Saturday, April 9, 2011

Do the Gods of War Still Speak to Us?

Dear Readers, I apologize for a very long absence and silence. It has been a very busy semester, including a most wonderful trip to Poland in the last month. I still cannot find time for a proper essay here, so I thought instead I would pose a question that I hope will invite some interesting discussion from different points of view. As a semi-pacifistic liberal sort of Pagan, I am often at a loss of what to make of the worship of gods of war among the Pagans of the past. I wonder what relevance this aspect of the old religion holds today, with war a much different thing than it was in the past. I do not find war a praiseworthy thing in the modern world, but a horrible tragedy in almost all cases, and thus I cannot agree with those Pagans and Heathens who seem to glorify war and see this as the most important thing in ancient texts. The war aspect of the old religion is something that I feel is outdated and that needs to be left behind. I can only relate to gods of war and warrior figures as metaphors for the need to struggle and fight morally and mentally, not as a call to literal, physical fighting and killing. What say you? I would like to invite your comments and then return later to add some more thoughts of my own. Thanks.

8 comments:

Heather Awen said...

http://tidesturner.blogspot.com/2011/04/nine-virtues-of-heathenry-for-peace.html

Hi, I just wrote a blog essay about the nine virtues being used for peace and justice activists and environmentalists, plus how the Viking thing is not representative of Germanic Paganism and was recorded by Christians. I highly regard your writing, and wanted to share this with you. Thanks.

Heather Awen said...

http://tidesturner.blogspot.com/2011/04/why-i-dont-support-pagans-in-military.html

Oh I wrote this to about why I don't support pagans in the military. I'd really appreciate your feedback.

Ananta Androscoggin said...

A lot of people tend to forget that there were a whole lot more of the City States back then. There weren't all that many large nations as we have today.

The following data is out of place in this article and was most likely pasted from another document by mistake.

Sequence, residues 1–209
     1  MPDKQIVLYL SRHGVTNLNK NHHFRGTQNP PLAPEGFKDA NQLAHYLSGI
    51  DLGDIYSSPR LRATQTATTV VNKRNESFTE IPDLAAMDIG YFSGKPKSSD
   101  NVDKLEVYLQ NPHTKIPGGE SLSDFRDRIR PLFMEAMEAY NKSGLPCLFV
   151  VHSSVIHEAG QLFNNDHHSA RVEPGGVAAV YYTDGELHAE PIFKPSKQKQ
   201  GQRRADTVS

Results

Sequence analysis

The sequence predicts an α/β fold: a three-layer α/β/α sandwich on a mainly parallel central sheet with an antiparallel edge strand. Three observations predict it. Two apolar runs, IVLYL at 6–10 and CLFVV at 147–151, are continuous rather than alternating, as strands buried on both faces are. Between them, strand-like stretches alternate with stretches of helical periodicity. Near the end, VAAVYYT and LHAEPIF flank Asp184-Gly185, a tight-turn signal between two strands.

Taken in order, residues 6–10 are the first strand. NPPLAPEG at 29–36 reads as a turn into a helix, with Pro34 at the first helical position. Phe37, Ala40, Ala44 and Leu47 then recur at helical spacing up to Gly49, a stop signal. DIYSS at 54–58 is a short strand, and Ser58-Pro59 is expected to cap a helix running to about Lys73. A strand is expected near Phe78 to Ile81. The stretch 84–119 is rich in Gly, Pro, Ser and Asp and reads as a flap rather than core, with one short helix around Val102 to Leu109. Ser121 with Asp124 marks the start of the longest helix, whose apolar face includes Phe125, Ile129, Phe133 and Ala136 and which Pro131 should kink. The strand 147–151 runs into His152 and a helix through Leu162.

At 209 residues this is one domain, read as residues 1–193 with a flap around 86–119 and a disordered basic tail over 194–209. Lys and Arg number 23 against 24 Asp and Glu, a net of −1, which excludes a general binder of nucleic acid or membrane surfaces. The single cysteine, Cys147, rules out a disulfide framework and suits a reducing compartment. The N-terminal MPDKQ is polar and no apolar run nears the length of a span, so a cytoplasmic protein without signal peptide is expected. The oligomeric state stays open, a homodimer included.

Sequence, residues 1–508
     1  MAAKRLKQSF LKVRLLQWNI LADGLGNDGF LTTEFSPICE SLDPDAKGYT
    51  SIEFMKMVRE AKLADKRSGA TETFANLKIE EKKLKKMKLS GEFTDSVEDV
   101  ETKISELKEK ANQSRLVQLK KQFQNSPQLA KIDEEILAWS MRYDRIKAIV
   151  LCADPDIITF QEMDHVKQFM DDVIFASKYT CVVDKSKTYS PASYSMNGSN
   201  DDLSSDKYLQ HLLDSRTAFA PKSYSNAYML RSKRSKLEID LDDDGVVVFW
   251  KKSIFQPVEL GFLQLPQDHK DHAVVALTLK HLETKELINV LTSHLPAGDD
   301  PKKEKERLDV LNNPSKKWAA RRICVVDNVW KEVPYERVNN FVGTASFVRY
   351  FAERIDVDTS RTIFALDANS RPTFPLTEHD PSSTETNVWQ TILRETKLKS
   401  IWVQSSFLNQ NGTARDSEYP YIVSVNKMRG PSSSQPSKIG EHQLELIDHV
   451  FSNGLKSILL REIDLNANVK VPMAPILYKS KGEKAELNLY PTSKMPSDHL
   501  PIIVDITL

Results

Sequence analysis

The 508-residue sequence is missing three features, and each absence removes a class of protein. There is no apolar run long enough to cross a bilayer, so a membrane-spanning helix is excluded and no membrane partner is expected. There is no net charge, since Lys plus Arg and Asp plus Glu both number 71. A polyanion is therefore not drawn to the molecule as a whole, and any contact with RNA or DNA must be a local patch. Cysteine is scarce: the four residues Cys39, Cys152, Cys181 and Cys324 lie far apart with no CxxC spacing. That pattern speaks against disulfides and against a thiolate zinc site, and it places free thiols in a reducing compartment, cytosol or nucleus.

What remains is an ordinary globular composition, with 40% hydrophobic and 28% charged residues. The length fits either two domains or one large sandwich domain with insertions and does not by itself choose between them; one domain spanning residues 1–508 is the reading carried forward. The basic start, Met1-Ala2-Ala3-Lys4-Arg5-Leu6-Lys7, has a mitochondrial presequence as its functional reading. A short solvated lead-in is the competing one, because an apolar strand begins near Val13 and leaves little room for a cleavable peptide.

When you've got thousands of egotistical kings, princes, potentates, and other bullies ruling over territory, you can count on their use of their subjects (who weren't really people to some of these rulers) to carry on their squabbles against their neighbors.

That's why I refer to warfare as the "True Sport of Kings," whereas the accumulation and use of power is their vocation.

Seeing Eye Chick said...

I see a lot of Gods of Commerce and Gods of Chaos, but not much from Warrior Dieties.

Perhaps between individual people with a Warrior ethic, they or those sentiments might be valued, but to the establishment--that would be a threat if it went deeper than a recruitment commercial.

Maelstrom said...

Heather, thanks for your comments. I checked your blog and found it very interesting. Your statement of praise for the Quakers reminds me of similar thought I have had. In the past, I heard about a Quaker-Pagan synthesis known as "Quagan." Do you or does anyone else have any knowledge about such a thing? Thanks.

Anonymous said...

Hillman thinks they do, but he says they're monotheistic. He challenges us to think of animists/Buddhists/Taoists going to war against other polytheistic groups. But the Japanese invaded Korea and China, so I think that argument is a little on the wild side. However, I do believe that the gods are the ways in which we do experience stuff, and that Hillman's book on War is worth a read.

http://www.globalsecurity.org/military/library/report/2004/love-of-war.htm

Anonymous said...

i believe the warrior path or ways is still valid. i am a druid warrior myself.being a warrior doesn't only mean being a combatant . tis alot more than that . true we are protectors. most of us are reluctant fighters . more important to most of us is the way we live . a warrior lives by a quite strong code of ethics and conduct .its a way of living . the norse asatru ways are almost identical to the celtic ways . these 2 groups are where most pagan warriors come from , both are former tribal societies where warriors were common. Kilm

Seeing Eye Chick said...

There is a distinction too, to be made between a warrior ethic vs the virginal glorification of war and violence from someone who has seen precious little of either. When presented in it's negative aspect, it seems to be an excuse or a prop for hypermasculinity.

Think how differently we define the value of people who have lived through various forms of violence.


Females who survive rape or domestic violence are defined as victims.

Males who survive military combat are veterans.

Civilians who survive violent crime are victims.

First responders are warriors or saviors.

Even if the other two classifications of victims fight back, even if they overcome their assailents--they are labeled as violent and in addition are still victims.

This society has a very strange and unhealthy relationship with violence. And not just in the most obviously visible ways. But also in how it defines acceptable violence, like that of self defense or of survival.


So that any issues we have with *Warrior Gods of old are more than likely the product of a pre-existing cultural condition rather than the sole property of some emotionally immature Pagans or Heathens.

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